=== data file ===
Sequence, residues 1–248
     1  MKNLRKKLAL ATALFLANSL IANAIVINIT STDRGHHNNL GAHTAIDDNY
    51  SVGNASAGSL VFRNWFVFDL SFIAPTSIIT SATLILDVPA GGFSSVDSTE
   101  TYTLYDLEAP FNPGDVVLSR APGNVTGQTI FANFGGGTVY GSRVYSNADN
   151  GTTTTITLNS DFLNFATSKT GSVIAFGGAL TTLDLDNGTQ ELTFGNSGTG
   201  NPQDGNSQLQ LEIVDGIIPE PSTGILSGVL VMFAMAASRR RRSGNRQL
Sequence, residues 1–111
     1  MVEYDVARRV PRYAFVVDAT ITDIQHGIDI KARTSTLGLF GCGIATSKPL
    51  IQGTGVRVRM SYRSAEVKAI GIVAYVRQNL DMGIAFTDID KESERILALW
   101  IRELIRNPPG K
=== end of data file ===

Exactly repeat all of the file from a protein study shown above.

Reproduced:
Sequence, residues 1–248
     1  MKNLRKKLAL ATALFLANSL IANAIVINIT STDRGHHNNL GAHTAIDDNY
    51  SVGNASAGSL VFRNWFVFDL SFIAPTSIIT SATLILDVPA GGFSSVDSTE
   101  TYTLYDLEAP FNPGDVVLSR APGNVTGQTI FANFGGGTVY GSRVYSNADN
   151  GTTTTITLNS DFLNFATSKT GSVIAFGGAL TTLDLDNGTQ ELTFGNSGTG
   201  NPQDGNSQLQ LEIVDGIIPE PSTGILSGVL VMFAMAASRR RRSGNRQL
Sequence, residues 1–111
     1  MVEYDVARRV PRYAFVVDAT ITDIQHGIDI KARTSTLGLF GCGIATSKPL
    51  IQGTGVRVRM SYRSAEVKAI GIVAYVRQNL DMGIAFTDID KESERILALW
   101  IRELIRNPPG K